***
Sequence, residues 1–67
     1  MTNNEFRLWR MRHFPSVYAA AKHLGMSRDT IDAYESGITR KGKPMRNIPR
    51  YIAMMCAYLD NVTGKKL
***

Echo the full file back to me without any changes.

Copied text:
Sequence, residues 1–67
     1  MTNNEFRLWR MRHFPSVYAA AKHLGMSRDT IDAYESGITR KGKPMRNIPR
    51  YIAMMCAYLD NVTGKKL